Landlords will soon be forced to allow tenants the legal right to have pets in their rented homes.
Dog and cat lovers - brace yourselves - as this could be an absolute game changer.
Having a pet in your home can massively lift your mood after a stressful day at work and, all in all, can provide the best company while being a wonderful household companion.
And now, the Telegraph has reported that the major shakeup on allowing landlords to have blanket bans on pets is set to change tomorrow (16 June) as part of the Renters Reform Bill.
The so-called 'no fault' Section 21 evictions are also set to be abolished, which allow property investors to remove tenants without reason.
A Government source told the Daily Mail: "Not only will our new deal for renters extend the decent homes standard to the private rented sector, we’ll also give tenants a legal right to have a pet if they wish.
"Would-be pet owners are being unfairly deprived of the company and companionship of an animal by their landlords – so we’ll change the law to end this unfairness."
However, Housing Secretary Michael Gove is set to give landlords the power to request insurance to cover any potential damage caused by pets.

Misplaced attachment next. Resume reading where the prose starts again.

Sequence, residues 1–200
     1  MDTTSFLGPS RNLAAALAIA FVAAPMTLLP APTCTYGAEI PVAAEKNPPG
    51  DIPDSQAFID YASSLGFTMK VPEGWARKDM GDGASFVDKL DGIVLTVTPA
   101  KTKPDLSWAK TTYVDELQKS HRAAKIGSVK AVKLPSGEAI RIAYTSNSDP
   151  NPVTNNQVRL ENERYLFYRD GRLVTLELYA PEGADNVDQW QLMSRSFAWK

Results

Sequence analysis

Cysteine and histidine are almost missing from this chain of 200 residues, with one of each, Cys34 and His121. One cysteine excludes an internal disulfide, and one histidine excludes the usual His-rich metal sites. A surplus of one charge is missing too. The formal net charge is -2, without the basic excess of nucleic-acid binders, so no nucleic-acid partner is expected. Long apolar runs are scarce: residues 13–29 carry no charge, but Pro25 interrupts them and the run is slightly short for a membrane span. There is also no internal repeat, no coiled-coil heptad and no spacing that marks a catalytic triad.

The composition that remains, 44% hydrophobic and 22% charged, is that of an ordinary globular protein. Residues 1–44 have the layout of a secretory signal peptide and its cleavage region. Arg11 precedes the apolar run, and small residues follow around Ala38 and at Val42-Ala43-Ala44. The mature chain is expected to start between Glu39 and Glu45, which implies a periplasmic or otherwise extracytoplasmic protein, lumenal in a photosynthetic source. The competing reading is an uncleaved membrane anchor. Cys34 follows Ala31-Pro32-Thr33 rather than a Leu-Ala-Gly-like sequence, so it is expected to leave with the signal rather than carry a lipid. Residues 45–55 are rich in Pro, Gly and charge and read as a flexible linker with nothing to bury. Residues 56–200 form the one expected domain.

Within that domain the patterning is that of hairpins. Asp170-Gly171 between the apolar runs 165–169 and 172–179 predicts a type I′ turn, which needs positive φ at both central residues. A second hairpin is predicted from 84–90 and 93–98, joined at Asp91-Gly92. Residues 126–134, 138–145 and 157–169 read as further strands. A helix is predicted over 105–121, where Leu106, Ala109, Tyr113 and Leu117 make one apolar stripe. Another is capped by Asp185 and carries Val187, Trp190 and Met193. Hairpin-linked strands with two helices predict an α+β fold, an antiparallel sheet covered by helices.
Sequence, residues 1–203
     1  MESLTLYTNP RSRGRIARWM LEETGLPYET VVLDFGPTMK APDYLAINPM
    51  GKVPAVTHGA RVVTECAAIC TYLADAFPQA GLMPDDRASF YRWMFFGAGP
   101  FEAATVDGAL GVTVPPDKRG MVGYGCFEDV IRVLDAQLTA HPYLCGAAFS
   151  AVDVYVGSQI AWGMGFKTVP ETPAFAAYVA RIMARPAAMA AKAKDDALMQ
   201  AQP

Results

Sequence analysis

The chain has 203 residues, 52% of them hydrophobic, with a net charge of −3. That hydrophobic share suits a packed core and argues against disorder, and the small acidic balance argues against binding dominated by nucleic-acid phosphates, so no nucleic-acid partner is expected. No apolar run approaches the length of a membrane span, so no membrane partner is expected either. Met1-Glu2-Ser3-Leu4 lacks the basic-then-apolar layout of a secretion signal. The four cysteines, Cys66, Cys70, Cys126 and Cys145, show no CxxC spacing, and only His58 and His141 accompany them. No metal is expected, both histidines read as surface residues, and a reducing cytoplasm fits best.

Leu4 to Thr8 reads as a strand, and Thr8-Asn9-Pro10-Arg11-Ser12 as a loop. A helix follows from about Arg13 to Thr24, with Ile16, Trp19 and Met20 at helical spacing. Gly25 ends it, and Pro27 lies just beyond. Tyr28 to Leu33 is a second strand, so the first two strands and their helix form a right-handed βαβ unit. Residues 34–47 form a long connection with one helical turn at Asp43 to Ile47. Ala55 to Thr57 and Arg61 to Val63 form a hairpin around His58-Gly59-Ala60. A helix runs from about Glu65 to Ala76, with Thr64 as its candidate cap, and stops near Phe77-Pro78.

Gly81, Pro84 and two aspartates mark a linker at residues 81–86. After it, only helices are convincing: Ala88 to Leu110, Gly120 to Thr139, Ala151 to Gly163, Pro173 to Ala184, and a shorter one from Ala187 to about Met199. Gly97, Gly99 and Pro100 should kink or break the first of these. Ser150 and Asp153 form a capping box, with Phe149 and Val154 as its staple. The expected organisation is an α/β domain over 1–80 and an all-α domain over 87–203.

The National Residential Landlords Association claim that the insurance would help protect landlords, who are limited in how much deposit they can hold.
The Tenant Fees Act 2019 capped the maximum deposit at five weeks' rent.
Chris Norris, of the NRLA, said: “Our biggest concern has always been that the law, as it currently stands, prevents landlords requiring insurance to cover the significant risk of pets creating damage to a property.
“We welcome reports that the Government has listened and responded positively to our concerns.”
Mr Norris also stressed that a 'common-sense approach' is needed when taking into account what sort of housing conditions are suitable for a pet.
He added: “Likewise, in shared homes the rights of those to have a pet need to be balanced with the rights of fellow tenants who might have concerns, especially those with certain allergies.”
MP Andrew Rosindell, sponsor of the Dogs and Domestic Animals Accommodation Protection Bill, says: “For most people, being separated from their dog is no different from being separated from their brother or sister”
“Sadly, pet owners who move into rented accommodation face the reality that their family could be torn apart, because most landlords in Britain have unnecessary bans or restrictions on pets ownership.”
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